The Five Best Introductory Books in Austrian Economics
The genre of introductions to Austrian economics has always been a troublesome one. Leaping right into the core books of the school has frequently been a problem for non-specialists. Thankfully, the last decade or so has seen several attempts to fill this gap, and all five of the books I’ll discuss below are worth your time for different reasons. My list proceeds from the most “introductory” to the least and tries to provide a sense of their differences and their appropriateness for different audiences.
Howard Baetjer, Free our Markets, 2013. Written for the most general of readers, this book uses Austrian insights, ably presented for newbies in the first few chapters, as a framework for analyzing a variety of economic policies, including a whole section in the 2008 financial crisis. Baetjer’s goal is clearly ideological, as the title suggests, but the book does serve as a very effective introduction to a handful of foundational Austrian ideas, and is a very easy read for the non-specialist.
Gene Callahan, Economics for Real People, 2004 (second edition). Callahan’s book is much more explicitly Austrian than Baetjer’s and covers the school in a topical fashion. Like Baetjer’s, in applies those ideas to a variety of policy questions in very effective ways. The book is very readable and offers more theoretical depth than Baetjer’s. For many years, this was really the only option for this sort of introduction, and the only weakness it has now is that the newer ones can cover things like the financial crisis and other more recent applied topics.
Robert P. Murphy, Choice: Cooperation, Enterprise, and Human Action, 2015. This is the book that, in my view, hits the sweet spot between accessibility and depth of coverage. Organized as a kind of reader’s guide to Mises’ Human Action, it tackles the same topics in the same order, but translates Mises into more accessible and contemporary language. It also has the advance of minimizing the policy issues and really focusing on Austrian economics as an analytical framework. I have used it to great success in an upper level course on Austrian economics, but there is no problem handing it to someone with an interest but no formal training in economics.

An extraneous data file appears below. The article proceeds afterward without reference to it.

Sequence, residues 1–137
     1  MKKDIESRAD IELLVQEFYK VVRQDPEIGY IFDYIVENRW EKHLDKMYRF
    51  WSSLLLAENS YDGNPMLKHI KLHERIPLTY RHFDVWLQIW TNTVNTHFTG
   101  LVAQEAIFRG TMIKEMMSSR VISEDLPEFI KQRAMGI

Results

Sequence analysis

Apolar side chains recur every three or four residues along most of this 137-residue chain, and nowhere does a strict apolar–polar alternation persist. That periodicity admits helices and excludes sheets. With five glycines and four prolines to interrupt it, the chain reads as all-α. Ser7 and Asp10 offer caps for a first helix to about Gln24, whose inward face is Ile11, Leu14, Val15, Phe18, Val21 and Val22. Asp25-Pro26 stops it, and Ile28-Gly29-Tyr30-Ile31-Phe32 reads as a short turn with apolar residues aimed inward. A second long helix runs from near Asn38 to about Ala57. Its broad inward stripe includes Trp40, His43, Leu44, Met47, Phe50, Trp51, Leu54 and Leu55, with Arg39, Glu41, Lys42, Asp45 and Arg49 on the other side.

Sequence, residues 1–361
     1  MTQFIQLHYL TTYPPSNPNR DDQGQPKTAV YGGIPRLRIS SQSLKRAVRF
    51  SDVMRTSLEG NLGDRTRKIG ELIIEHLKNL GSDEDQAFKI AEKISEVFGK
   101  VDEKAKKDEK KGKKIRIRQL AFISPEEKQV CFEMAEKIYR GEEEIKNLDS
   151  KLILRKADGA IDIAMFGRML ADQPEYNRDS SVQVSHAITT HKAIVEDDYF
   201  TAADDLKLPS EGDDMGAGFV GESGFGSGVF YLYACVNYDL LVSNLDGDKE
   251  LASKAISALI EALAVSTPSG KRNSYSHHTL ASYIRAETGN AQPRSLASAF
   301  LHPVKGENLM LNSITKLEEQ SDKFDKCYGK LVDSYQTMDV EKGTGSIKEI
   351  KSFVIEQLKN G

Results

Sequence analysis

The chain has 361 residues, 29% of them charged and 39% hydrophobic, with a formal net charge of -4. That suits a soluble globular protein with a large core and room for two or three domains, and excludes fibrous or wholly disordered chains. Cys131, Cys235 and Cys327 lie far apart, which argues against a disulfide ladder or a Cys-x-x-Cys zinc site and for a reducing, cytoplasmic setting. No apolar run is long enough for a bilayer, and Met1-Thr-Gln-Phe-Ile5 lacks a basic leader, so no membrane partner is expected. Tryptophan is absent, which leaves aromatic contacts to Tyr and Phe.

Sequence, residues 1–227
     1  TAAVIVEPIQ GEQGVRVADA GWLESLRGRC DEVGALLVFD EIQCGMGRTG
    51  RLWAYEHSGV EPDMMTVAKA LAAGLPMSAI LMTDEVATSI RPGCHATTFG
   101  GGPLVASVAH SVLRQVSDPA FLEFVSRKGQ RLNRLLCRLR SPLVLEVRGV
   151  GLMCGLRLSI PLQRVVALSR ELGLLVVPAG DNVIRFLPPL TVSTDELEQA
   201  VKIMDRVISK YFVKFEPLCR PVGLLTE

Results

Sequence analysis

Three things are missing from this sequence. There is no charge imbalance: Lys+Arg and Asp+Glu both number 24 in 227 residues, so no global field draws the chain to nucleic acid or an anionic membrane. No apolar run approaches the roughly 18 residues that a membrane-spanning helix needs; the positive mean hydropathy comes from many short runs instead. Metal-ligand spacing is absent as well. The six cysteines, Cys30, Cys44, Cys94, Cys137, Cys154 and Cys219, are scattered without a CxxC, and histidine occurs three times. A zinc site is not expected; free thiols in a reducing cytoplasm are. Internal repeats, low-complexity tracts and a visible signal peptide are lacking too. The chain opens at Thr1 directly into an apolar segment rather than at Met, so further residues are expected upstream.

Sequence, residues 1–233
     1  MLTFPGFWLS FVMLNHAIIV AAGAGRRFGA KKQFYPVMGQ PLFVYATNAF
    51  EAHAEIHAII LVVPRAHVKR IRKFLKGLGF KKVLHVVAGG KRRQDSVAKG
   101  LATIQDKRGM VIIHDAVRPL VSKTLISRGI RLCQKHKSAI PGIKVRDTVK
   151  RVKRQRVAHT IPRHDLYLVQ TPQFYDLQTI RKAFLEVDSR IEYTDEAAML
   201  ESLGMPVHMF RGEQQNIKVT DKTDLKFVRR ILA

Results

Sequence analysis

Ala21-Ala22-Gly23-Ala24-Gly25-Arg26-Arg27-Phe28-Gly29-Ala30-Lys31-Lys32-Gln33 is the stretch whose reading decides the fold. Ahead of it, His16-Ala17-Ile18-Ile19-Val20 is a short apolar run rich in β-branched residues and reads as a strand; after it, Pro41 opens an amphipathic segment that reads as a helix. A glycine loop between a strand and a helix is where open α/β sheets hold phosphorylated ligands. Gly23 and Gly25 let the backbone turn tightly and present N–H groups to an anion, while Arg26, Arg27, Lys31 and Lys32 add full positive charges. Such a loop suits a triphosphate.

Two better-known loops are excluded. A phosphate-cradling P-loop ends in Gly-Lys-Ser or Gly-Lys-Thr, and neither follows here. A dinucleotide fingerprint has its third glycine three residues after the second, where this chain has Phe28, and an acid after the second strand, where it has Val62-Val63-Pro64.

Peter Boettke, Living Economics, 2012. This book is the best introduction to what contemporary Austrian economists are interested in and how they think about the communication of economic ideas. The book is really about Boettke’s passion for economics and how that plays out in the thinkers he finds interesting and the issues he thinks economics should be addressing. The essays reproduced in this volume cover all of that and more, and do a particularly good job at showing why Austrians should also be interested in Public Choice economics and the work of the Ostroms and the Bloomington School. This is not necessarily a book you’d want to give to someone with no economics training, but is ideal for an undergraduate or an adult who has done some reading on their own and who wants to drink deeply from Boettke’s passion for economics and the Austrian school. (P.S. There’s an EconTalk for that!)
Randall Holcombe, Advanced Introduction to the Austrian School of Economics, 2014. Holcombe’s book is a short but very effective introduction to the major ideas of the school. It’s organized in five chapters, four of which cover areas of economics, including one on Austrian macroeconomics. The fifth is a nice overview of the contemporary Austrian school. It’s clearly written for those with some background in economics (hence, the “advanced” in the title). It is different from Boettke’s book in that the focus is more narrowly on the Austrian school and it lacks the teaching and history of thought chapters. If you are someone who already knows a little bit of Austrian economics or economics more generally, and you want just an introduction to the Austrian school proper, this might be the best short option for you.
(P.S. In a later post, Professor Horwitz also shares his suggestions for the best Essential books in Austrian Economics.)
Steven Horwitz is Distinguished Professor of Free Enterprise in the Department of Economics at Ball State University in Muncie, IN. He is also an Affiliated Senior Scholar at the Mercatus Center in Arlington, VA, and a Senior Fellow at the Fraser Institute of Canada.